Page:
Joint Security Area review
:. Director: Chan-wook Park
:. Starring: Yeong-ae Lee, Byung-hun Lee, Kang-ho Song
:. Running Time: 1:50
:. Year: 2006
:. Country: USA
Set in the demilitarized zone between North and South Korea, JSA (Joint Security Area), a military thriller from Chan Wook Park (Oldboy, Symphony For Mr. Vengeance), is classic mystery fare with a political message of reconciliation in the background.
The investigation of the murder of Northern Korean soldiers by a couple of South Korean guards they had supposedly kidnapped serves as the premise for this film, which then unfolds through a series flashbacks exposing the unexpected friendship between the four men. Those who saw John McTierman's Basic will certainly notice the similar settings, the latter having somewhat transposed some of JSA's elements, swapping the political tone for a stylistic approach.
Despite its status as a foreign film, Joint Security Area is typical Hollywood-style fare, with professional production values, a positive message and a strong dose of cheesiness. As in lots of Asian flicksearly John Woo films come to mindJSA centers around male bondingnot in a Betty Page kind of wayand its treatment is often quite corny. With these elements as the core of the storythe investigation is only used as a pretext to preach for reconciliation between North and Southone quickly gets detached from the ensemble, the "exotic factor" is overshadowed by the naivety and formulaic aspect of the film.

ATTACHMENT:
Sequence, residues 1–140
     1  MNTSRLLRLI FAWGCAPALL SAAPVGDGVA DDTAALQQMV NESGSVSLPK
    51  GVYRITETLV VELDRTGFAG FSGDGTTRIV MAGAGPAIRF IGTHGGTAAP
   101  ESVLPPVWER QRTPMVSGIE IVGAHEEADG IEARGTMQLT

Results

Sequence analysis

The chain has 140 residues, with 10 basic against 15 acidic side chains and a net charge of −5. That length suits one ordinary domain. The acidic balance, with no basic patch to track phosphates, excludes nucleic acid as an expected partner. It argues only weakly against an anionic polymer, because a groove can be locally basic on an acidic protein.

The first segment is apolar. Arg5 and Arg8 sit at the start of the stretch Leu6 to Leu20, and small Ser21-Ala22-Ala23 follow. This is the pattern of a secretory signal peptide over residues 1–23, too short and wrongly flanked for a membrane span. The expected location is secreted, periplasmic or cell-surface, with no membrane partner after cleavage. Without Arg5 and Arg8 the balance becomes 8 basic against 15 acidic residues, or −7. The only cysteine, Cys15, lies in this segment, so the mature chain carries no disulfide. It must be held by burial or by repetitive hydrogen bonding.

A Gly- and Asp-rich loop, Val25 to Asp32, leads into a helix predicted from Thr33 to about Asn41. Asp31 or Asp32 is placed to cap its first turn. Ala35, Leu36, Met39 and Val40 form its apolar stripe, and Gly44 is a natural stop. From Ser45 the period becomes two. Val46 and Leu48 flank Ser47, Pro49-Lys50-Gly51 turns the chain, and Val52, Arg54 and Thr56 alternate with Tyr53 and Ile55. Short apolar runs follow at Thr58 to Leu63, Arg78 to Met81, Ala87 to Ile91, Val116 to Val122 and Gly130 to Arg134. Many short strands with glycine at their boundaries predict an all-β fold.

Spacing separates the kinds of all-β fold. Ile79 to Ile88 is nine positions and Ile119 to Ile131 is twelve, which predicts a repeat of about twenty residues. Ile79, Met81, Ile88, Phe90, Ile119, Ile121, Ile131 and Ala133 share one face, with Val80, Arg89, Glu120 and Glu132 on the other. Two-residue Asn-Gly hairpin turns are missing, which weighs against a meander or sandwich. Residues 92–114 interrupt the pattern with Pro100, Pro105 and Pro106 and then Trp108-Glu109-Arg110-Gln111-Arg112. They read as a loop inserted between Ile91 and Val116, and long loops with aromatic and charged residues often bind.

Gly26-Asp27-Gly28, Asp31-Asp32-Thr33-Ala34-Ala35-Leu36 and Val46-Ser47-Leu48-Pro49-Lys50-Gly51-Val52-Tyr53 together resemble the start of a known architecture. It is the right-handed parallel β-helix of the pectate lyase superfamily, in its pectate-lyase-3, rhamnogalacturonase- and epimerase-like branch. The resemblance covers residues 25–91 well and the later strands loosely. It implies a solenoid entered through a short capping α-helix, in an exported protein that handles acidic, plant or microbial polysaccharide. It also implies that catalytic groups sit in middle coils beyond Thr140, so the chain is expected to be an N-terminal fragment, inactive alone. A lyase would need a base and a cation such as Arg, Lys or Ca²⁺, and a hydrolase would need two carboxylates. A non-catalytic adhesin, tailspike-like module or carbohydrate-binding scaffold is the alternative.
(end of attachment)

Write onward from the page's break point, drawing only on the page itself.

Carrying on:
I've never been convinced by Chan-wook Park's cinema, a filmmaker whom I personally think is overrated; his pictures always fail to sustain tension in the long run. Park is a diverse director with flashes of geniustake note of the closing shotand, as with most of his movies, once it ends, you're left fairly conflicted regarding the value of his work after you strip it of its "exotic factor".
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